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6 Leadership Moves Dentists Need to Make Right Now!

A FREE GUIDE FOR NAVIGATING THE
COVID-19 CRISIS 🦠😷

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Summary

Crisis creates an atmosphere that is ripe for misunderstanding, so good communication with your team and your patients is more important than ever. In this episode Allison and Shawn provide you with helpful tools to facilitate communication and prevent misunderstanding. 

Miscommunication often happens when we forget that it’s the stressors behind our reactions that speak louder than our actual words. A leader takes an honest look at the emotional reactions that we ourselves might be inadvertently expressing as a result of our fears. When we have the courage to think about how our team is perceiving us, we can solidify the message that we want to be communicating to them. With honest and transparent dialog, we eliminate any assumptions they might be having about us, and we encourage others to open up to us.

Once you have an open line of communication, you as the employer are able to see beyond your own lens to understand the insecurities your team is facing right now. You are able to set an office culture that is a safe place for your staff and your patients. As a result, it becomes easier to set clear expectations now that staff roles have so significantly changed. Doing all that you can to improve communication is key to a strong practice now more than ever. 

Furthermore, you can use this time to connect with and serve your patients. You have valuable knowledge in infection control and virology. You are a tremendous resource, so what better way to fight this virus than by sharing your knowledge? An email or a Facebook post may not be enough to reach your patients during this critical time. Reaching out with a phone call will not only help you to triage their needs, but it will allow them a meaningful connection with their dental provider and an opportunity to ask questions and tell their stories.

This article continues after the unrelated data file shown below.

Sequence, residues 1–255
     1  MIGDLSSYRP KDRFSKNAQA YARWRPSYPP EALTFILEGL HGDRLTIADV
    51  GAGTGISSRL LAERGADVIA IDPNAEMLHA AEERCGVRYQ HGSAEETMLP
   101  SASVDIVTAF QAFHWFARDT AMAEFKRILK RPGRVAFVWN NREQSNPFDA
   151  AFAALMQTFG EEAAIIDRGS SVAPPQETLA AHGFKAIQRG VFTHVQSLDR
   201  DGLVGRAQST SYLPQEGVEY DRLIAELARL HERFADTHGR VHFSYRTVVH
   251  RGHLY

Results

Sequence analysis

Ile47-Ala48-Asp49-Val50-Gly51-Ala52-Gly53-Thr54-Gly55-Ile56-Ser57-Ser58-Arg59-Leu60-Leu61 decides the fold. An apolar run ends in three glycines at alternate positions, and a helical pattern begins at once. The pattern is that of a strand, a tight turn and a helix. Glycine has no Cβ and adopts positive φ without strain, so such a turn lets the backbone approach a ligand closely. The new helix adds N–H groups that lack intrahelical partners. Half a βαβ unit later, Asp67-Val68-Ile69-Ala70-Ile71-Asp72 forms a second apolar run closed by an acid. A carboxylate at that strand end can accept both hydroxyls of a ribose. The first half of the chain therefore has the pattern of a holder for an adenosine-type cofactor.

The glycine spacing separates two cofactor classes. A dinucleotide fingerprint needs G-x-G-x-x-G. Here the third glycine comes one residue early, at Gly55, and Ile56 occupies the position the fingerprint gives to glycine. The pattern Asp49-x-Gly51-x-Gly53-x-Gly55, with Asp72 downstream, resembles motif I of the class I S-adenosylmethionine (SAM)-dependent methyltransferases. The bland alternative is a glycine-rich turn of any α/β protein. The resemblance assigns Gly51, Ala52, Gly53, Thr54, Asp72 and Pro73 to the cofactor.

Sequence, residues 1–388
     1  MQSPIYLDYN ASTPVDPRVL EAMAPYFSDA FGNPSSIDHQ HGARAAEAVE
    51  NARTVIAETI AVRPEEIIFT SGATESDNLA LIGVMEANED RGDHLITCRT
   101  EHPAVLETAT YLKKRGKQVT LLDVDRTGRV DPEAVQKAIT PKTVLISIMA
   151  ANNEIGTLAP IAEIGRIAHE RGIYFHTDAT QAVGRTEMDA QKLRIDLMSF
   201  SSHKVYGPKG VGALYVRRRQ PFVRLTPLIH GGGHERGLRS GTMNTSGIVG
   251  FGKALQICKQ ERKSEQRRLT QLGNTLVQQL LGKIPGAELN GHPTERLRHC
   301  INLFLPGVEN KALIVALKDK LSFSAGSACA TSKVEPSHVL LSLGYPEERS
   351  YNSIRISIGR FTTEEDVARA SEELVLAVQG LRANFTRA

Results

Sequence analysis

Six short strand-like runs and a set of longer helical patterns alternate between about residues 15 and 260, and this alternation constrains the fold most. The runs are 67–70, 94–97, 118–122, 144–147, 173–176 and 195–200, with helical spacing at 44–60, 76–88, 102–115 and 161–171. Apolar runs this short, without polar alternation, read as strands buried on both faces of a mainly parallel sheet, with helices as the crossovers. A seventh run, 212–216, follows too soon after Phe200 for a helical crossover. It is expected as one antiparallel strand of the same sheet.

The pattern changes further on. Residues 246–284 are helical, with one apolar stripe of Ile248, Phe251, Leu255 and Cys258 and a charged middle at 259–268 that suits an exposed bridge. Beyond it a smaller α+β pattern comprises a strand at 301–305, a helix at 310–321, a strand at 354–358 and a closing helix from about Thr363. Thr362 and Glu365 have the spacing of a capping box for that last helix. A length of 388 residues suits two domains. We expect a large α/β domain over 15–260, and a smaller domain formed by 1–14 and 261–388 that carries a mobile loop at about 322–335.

Social distancing has drastically altered your usual modes of communicating with your staff and your patients. It is only by intentionally examining your own communication and listening to others that you will grow stronger, more resilient teams, and healthier relationships with your patients.  

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Full Transcript Below

Shawn (01:00):

Hey guys, this is Shawn and I’m here with Allison. And I’m excited about the topic today. Cause we’regoing to talk about communication and why it’s kind of more important than ever because of just thiscurrent crisis. And, and I feel like the crisis creates an atmosphere that’s a ripe for misunderstandings andmore than ever, the challenge on you as a leader is to know how to overcome those challenges. So that wecan make meaningful connections with our patients and with our team and get through this the best wecan.

Allison (01:41):

So, Shawn, I’m, I’m gonna start with communication with my family. I’ve noticed that I’m up and down allthe time and no one really knows what to expect from me because I’ll read an article or I’ll see somethingon the Facebook and it will scare me. And so then I’ll have a moment where I’m truly scared and no oneelse knows, of course that I’ve read this or I’ve heard this. So I just walk in the door scared. So myhusband was like, I need a terror chart, Alison. So I made one. So

Shawn (02:16):